The reason the Patriots succeeded where the Raiders failed is simple: experience. Sure it helps that the Patriots have more talent on defense than the Raiders do, but it is their discipline that really sets them apart. That comes from playing in the same defensive scheme long enough to be comfortable in it.
The Chargers are now going into their second year in Wade Phillip’s defense, and although they may not be as comfortable in their scheme as the two-time defending champions are in theirs, they are at the point where they can handle some increased responsibility and flexibility.
One alteration to last year’s scheme that could prove effective would be to show more of that 4-3 look. Even if it is done only five-to-ten snaps per contest, it could still throw opponents off their game, and could also showcase the pass-rushing skills of several of the Chargers’ players.
A prime example of that would be DeQuincy Scott, who has flashed the ability to be a solid interior pass rushers when playing out of the 4-3 defense. In 2003, the last year before the Chargers switched to the 3-4 alignment, Scott paced the team with an impressive 6.5 sacks.
Listed at only 260 lbs., Scott lacks the bulk necessary to tie up blockers, which is the primary responsibility of defensive linemen in the new defense. However, his quickness and anticipation make him a pass-rushing commodity if utilized correctly. Seeing as the Chargers finished last season with a measly 29 sacks, they may be interested in better maximizing the talent they have on hand. It is one reason they have toyed with moving him to linebacker since the implementation of the 3-4.
The 4-3 also seems to better fit the skill set of Ben Leber, the incumbent starter at the SAM linebacker position. Leber, currently out of action for about two weeks after having surgery Tuesday, averaged four sacks per season in the old defense, but managed only two last year. In the 3-4 defense, the outside linebackers are identified as pass rushers, taking away the element of surprise from Leber’s frequent blitzes.
Also, Leber is undersized for his new responsibilities. In Wade Phillip’s scheme the outside linebackers are asked to play like defensive ends at times, which is why Steve Foley and Shawne Merriman both carry approximately 265 lbs. on their frames. While Leber is versatile enough to do well in any scheme, the 4-3 look does take better advantage of what he has to offer. There is a feeling he could be moved inside in the 3-4, a much better place for his skills.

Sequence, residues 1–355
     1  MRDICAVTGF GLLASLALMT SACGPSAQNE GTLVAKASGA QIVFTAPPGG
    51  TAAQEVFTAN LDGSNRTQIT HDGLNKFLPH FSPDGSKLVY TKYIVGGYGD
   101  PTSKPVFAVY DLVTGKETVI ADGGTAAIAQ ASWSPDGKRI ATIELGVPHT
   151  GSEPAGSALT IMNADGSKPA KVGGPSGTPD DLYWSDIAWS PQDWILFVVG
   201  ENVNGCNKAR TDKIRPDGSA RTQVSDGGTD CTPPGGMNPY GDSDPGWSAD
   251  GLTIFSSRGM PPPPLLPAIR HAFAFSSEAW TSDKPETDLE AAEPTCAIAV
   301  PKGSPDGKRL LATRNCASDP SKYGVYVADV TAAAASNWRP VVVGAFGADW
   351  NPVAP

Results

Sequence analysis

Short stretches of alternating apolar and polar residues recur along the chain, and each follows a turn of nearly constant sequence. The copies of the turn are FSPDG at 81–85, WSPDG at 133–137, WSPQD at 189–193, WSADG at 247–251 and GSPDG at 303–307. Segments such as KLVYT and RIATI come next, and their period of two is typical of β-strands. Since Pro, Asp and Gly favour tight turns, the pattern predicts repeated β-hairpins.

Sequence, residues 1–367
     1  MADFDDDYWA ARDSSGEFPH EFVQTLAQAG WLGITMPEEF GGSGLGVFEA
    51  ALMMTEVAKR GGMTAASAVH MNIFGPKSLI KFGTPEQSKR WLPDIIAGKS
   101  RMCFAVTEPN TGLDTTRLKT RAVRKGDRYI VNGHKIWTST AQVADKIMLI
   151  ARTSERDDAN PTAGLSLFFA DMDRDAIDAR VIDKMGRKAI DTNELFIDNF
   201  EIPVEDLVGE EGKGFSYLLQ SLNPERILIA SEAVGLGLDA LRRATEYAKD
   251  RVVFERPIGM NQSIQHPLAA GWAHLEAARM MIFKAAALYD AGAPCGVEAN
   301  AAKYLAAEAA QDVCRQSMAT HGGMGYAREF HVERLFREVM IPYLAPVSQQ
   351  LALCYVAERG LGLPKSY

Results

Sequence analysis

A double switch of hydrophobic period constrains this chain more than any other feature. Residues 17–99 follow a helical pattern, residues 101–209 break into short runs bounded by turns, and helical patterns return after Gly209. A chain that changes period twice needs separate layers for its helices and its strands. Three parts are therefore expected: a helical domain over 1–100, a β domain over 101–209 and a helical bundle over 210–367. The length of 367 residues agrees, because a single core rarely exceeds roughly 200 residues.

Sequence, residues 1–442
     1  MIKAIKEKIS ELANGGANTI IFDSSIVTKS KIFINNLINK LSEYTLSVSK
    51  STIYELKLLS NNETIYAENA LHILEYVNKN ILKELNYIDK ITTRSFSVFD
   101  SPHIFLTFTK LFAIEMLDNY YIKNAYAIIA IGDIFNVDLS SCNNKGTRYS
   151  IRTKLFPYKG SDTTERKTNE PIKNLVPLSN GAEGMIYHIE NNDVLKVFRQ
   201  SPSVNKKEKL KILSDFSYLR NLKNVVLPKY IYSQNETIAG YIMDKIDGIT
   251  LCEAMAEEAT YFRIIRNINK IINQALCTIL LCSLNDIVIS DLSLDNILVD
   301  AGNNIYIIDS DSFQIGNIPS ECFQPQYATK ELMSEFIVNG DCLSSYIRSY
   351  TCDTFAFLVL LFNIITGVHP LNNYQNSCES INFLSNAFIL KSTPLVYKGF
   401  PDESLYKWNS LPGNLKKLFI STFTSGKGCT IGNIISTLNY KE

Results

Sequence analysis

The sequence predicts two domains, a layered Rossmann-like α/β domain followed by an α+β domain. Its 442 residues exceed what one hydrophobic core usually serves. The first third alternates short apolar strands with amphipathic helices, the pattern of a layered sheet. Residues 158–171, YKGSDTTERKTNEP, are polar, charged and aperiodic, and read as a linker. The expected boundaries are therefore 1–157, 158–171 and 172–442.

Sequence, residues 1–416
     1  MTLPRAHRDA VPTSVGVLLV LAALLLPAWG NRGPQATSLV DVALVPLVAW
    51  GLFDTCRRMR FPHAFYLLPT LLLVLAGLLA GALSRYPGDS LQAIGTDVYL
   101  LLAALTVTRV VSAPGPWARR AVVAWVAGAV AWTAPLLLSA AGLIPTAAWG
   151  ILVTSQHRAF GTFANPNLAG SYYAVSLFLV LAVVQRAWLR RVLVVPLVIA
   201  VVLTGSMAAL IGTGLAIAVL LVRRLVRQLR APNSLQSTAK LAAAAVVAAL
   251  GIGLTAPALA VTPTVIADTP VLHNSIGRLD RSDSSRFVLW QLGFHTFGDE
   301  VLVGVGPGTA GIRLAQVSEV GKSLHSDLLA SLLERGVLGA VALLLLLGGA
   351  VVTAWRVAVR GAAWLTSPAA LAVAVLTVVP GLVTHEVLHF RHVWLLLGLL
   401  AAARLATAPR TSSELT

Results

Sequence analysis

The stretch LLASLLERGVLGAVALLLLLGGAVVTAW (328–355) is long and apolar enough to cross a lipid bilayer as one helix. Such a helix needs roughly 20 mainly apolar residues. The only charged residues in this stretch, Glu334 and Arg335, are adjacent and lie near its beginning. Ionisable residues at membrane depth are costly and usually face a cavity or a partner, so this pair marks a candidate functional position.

This is not to suggest that the team should revert back to the old defense permanently. The 3-4 alignment was a major reason why the team finished third in the league against the run last season, and helped the team finish tied for third in the league with 23 interceptions.
But seeing as the team now is comfortable enough in the scheme to present opposing offenses with a new look or two, it might be wise to have that new look be the old one. Players such as Scott, Leber, Adrian Dingle and Dave Ball could all rush the passer more effectively from that formation.
Maybe this idea doesn’t make sense to some people, given how effective the Chargers were playing in the 3-4 by the end of last season. But if the Chargers stay strictly in that alignment, then the pass-rushing skills of Scott and Dingle will be essentially neutralized. Seeing as they are the only two Chargers’ linemen to ever post six or more sacks in a season, limiting their productivity is even more nonsensical as far as I’m concerned.
Players get paid to play, and coaches get paid to put these players in position to make plays. If Coach Schottenheimer wants to improve on last year’s tepid pass rush (a given, to say the least), he should allow the team to go back to the 4-3 look for a few snaps every game.
The arrival of Merriman certainly lessons the need, given his athletic ability, but, who knows, maybe such a move could catapult the Chargers’ defense to Patriot-like levels of excellence. And no need to worry, because there is no way a defense starring Donnie Edwards, Jamal Williams, Steve Foley and Terrence Kiel could ever be as bad as the Raiders.